Torture free essays, term papers and book reports

Does torture necessarily involve coercion? No doubt the threat oftorture, and torture in its preliminary stages, simply functions as aform of coercion in this sense. However, torture proper has as itsstarting point the failure of coercion, or that coercion is not evengoing to be attempted. As we have seen, torture proper targets autonomyitself, and seeks to overwhelm the capacity of the victims to exerciserational control over their decisions—at least in relation tocertain matters for a limited period of time—by literallyterrorising them into submission. Hence there is a close affinitybetween terrorism and torture. Indeed, arguably torture is a terroristtactic. However, it is one that can be used by groups other thanterrorists, e.g. it can be used against enemy combatants by armiesfighting conventional wars and deploying conventional militarystrategies. In relation to the claim that torture is not coercion, itmight be responded that at least some forms or instances of tortureinvolve coercion, namely those in which the torturer is seekingsomething from the victim, e.g. information, and in which some degreeof rational control to comply or not with the torturer's wishes isretained by the victim. This response is plausible. However, even ifthe response is accepted, there will remain instances of torture inwhich these above-mentioned conditions do not obtain; presumably, thesewill not be instances of coercion.

torture Free Essays, Term Papers and book reports. Thousands of papers to select from all free.

The person being tortured is for the duration of the torturingprocess physically powerless in relation to the torturer. By“physically powerless” two things are meant: the victim isdefenceless, i.e., the victim cannot prevent the torturer fromtorturing the victim, and the victim is unable to attack, and thereforephysically harm, the torturer. Nevertheless, it does not follow fromthis that the victim is entirely powerless vis-à-vis thetorturer. For the victim might be able to strongly influence thetorturer's actions, either by virtue of having at this time the powerto harm people other than the torturer, or by virtue of having at somefuture time the power to defend him/herself against the torturer,and/or attack the torturer. Consider the clichéd example of theterrorist who is refusing to disclose to the torturer the whereaboutsof a bomb with a timing device which is about to explode in a crowdedmarket-place. Perhaps the terrorist could negotiate the cessation oftorture and immunity for himself, if he talks. Consider also asituation in which both a hostage and his torturer know that it is onlya matter of an hour before the police arrive, free the hostage andarrest the torturer; perhaps the hostage is a defence official who isrefusing to disclose the whereabouts of important military documentsand who is strengthened in his resolve by this knowledge of the limitedduration of the pain being inflicted upon him.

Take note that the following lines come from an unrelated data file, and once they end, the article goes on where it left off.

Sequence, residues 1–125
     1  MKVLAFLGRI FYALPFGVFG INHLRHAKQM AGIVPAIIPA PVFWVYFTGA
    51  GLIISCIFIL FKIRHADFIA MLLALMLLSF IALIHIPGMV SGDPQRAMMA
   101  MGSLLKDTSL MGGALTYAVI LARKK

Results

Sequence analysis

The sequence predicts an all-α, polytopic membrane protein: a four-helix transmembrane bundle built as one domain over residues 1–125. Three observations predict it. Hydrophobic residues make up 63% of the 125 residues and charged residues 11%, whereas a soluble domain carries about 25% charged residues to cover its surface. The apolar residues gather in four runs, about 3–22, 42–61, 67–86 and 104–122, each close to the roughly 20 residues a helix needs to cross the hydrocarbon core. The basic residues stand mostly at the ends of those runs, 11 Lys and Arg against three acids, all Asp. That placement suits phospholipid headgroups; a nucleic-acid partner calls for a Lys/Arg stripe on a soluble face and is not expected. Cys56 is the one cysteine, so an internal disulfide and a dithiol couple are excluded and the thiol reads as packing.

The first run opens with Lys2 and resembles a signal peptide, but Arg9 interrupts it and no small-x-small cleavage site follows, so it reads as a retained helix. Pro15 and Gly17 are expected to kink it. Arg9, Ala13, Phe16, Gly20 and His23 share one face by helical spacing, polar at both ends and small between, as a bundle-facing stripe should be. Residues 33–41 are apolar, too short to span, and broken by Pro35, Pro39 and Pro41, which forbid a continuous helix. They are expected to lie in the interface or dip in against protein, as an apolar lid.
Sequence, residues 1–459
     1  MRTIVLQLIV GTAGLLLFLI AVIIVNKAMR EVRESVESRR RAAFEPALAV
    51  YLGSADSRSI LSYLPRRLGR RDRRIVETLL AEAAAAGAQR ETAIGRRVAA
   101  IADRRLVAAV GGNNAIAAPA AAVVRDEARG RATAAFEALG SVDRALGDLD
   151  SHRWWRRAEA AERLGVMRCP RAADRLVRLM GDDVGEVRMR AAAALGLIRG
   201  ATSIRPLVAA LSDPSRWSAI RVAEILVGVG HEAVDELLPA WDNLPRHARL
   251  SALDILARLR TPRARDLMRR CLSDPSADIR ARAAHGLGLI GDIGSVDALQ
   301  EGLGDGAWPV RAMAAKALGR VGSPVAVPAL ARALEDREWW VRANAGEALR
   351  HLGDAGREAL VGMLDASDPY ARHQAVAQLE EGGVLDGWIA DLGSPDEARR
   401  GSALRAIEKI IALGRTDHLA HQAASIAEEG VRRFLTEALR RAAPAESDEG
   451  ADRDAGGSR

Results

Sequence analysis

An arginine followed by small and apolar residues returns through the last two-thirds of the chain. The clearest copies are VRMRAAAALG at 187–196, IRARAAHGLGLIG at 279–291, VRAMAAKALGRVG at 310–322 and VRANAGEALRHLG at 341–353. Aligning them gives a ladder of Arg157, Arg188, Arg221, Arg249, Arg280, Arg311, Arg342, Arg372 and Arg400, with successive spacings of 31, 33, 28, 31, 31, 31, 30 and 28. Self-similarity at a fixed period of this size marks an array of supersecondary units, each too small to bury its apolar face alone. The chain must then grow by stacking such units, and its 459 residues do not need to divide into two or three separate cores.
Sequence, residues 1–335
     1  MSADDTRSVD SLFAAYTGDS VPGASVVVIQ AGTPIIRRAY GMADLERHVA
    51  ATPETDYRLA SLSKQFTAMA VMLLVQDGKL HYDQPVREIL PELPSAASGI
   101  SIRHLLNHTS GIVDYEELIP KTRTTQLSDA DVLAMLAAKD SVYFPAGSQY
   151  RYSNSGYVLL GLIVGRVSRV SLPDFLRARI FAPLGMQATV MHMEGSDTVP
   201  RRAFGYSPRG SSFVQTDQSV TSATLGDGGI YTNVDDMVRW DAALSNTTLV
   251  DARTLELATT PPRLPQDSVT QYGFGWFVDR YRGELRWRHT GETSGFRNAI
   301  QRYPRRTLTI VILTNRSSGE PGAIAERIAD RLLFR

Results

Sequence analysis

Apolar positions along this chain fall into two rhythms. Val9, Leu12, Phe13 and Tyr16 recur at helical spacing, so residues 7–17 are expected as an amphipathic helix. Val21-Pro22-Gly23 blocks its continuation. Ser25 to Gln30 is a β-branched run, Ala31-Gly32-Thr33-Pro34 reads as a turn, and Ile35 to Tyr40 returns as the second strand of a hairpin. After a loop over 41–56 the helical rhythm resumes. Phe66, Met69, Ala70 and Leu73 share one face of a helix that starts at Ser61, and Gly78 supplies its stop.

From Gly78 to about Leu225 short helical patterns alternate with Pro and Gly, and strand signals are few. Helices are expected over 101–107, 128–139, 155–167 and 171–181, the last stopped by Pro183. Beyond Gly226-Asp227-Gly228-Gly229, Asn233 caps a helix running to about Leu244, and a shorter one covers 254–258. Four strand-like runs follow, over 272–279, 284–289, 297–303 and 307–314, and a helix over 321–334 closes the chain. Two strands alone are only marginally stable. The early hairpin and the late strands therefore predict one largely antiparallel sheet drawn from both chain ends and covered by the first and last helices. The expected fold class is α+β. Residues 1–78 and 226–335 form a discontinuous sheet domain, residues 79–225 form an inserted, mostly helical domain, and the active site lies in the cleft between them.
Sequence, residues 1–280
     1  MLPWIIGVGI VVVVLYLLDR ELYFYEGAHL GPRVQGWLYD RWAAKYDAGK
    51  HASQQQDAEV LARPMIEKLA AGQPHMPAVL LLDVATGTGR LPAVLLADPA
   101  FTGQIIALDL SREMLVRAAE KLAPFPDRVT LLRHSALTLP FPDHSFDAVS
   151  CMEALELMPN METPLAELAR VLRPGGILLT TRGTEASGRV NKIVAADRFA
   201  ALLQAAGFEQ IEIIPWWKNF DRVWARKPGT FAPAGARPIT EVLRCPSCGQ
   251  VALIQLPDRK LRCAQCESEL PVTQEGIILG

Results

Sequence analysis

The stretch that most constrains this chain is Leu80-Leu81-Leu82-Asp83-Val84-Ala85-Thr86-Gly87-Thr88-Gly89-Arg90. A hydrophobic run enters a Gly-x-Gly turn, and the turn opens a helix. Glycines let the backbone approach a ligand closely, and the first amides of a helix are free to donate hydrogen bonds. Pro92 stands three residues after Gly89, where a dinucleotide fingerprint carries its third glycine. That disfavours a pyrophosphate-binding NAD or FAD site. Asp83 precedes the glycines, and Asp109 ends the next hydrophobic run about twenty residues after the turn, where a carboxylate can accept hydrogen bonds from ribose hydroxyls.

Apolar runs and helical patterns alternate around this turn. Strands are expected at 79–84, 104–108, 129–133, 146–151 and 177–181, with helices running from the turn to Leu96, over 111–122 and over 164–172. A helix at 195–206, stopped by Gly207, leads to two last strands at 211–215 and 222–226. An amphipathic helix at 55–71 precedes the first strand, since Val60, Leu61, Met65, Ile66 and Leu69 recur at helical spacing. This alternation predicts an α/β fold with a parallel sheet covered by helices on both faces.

Custom Waterboarding as a Method of Torture essay writing

Torture essays,a personal narrative essay - Hanson & Fitch The majority of people find torture unnecessary and claim that it is not effective any more. There are many other ways to prove whether the person it telling the truth and to get information from him, as the technologies nowadays are advanced and other techniques can be also used. According to Most Americans Oppose Torture Techniques (2004), “Given pro and con arguments, 63 percent in an ABC News/Washington Post poll say torture is never acceptable, even when other methods fail and authorities believe the suspect has information that could prevent terrorist attacks. Thirty-five percent say torture is acceptable in some such cases.”

Final Exam: Torture Report Essay Questions – Latest

Thesis: Torture is unacceptable, as all human beings have their rights, and there are other modern ways of punishment and ways to get information from people. Many experts find torture unnecessary and claim that it is not effective any more.

[tags: Human Torture Essays] :: 4 Works Cited, 1140 words